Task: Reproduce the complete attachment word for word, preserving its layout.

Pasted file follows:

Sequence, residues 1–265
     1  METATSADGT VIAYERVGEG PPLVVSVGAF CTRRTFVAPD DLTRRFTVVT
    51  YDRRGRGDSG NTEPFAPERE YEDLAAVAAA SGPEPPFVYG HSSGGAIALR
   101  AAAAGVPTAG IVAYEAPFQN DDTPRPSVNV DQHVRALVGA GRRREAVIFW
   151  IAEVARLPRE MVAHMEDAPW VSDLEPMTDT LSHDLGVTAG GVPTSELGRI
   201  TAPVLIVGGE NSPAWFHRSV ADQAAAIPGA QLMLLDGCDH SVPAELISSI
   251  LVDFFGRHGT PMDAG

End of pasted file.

Sequence, residues 1–265
     1  METATSADGT VIAYERVGEG PPLVVSVGAF CTRRTFVAPD DLTRRFTVVT
    51  YDRRGRGDSG NTEPFAPERE YEDLAAVAAA SGPEPPFVYG HSSGGAIALR
   101  AAAAGVPTAG IVAYEAPFQN DDTPRPSVNV DQHVRALVGA GRRREAVIFW
   151  IAEVARLPRE MVAHMEDAPW VSDLEPMTDT LSHDLGVTAG GVPTSELGRI
   201  TAPVLIVGGE NSPAWFHRSV ADQAAAIPGA QLMLLDGCDH SVPAELISSI
   251  LVDFFGRHGT PMDAG